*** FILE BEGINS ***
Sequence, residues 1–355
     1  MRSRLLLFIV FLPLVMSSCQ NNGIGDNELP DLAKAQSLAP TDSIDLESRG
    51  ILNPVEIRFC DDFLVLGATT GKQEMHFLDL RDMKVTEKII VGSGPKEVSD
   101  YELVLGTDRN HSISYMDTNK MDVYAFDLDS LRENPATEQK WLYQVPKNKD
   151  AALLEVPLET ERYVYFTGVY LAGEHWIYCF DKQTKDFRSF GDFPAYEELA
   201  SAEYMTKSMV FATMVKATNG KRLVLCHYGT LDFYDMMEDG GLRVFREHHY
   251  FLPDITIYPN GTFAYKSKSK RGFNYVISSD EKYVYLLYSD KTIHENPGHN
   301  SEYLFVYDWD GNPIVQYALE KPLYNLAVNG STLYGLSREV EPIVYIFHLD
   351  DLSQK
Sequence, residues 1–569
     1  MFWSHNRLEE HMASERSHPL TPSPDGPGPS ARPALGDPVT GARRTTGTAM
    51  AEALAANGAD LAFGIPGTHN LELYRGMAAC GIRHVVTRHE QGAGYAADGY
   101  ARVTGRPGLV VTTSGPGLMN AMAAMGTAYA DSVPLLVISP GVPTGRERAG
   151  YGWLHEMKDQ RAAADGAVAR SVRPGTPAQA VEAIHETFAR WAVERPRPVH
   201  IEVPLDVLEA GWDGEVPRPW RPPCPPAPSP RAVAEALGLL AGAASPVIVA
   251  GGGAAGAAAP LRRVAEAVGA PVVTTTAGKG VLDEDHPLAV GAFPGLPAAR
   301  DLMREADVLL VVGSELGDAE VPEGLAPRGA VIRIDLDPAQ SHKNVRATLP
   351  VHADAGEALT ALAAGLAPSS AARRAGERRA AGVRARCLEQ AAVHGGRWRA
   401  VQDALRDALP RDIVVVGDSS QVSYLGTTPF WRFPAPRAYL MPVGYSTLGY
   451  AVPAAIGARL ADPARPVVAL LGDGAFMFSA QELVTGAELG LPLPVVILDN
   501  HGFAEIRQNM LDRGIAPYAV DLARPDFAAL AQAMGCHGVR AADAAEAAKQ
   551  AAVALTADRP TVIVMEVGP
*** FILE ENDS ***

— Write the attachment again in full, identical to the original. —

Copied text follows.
Sequence, residues 1–355
     1  MRSRLLLFIV FLPLVMSSCQ NNGIGDNELP DLAKAQSLAP TDSIDLESRG
    51  ILNPVEIRFC DDFLVLGATT GKQEMHFLDL RDMKVTEKII VGSGPKEVSD
   101  YELVLGTDRN HSISYMDTNK MDVYAFDLDS LRENPATEQK WLYQVPKNKD
   151  AALLEVPLET ERYVYFTGVY LAGEHWIYCF DKQTKDFRSF GDFPAYEELA
   201  SAEYMTKSMV FATMVKATNG KRLVLCHYGT LDFYDMMEDG GLRVFREHHY
   251  FLPDITIYPN GTFAYKSKSK RGFNYVISSD EKYVYLLYSD KTIHENPGHN
   301  SEYLFVYDWD GNPIVQYALE KPLYNLAVNG STLYGLSREV EPIVYIFHLD
   351  DLSQK
Sequence, residues 1–569
     1  MFWSHNRLEE HMASERSHPL TPSPDGPGPS ARPALGDPVT GARRTTGTAM
    51  AEALAANGAD LAFGIPGTHN LELYRGMAAC GIRHVVTRHE QGAGYAADGY
   101  ARVTGRPGLV VTTSGPGLMN AMAAMGTAYA DSVPLLVISP GVPTGRERAG
   151  YGWLHEMKDQ RAAADGAVAR SVRPGTPAQA VEAIHETFAR WAVERPRPVH
   201  IEVPLDVLEA GWDGEVPRPW RPPCPPAPSP RAVAEALGLL AGAASPVIVA
   251  GGGAAGAAAP LRRVAEAVGA PVVTTTAGKG VLDEDHPLAV GAFPGLPAAR
   301  DLMREADVLL VVGSELGDAE VPEGLAPRGA VIRIDLDPAQ SHKNVRATLP
   351  VHADAGEALT ALAAGLAPSS AARRAGERRA AGVRARCLEQ AAVHGGRWRA
   401  VQDALRDALP RDIVVVGDSS QVSYLGTTPF WRFPAPRAYL MPVGYSTLGY
   451  AVPAAIGARL ADPARPVVAL LGDGAFMFSA QELVTGAELG LPLPVVILDN
   501  HGFAEIRQNM LDRGIAPYAV DLARPDFAAL AQAMGCHGVR AADAAEAAKQ
   551  AAVALTADRP TVIVMEVGP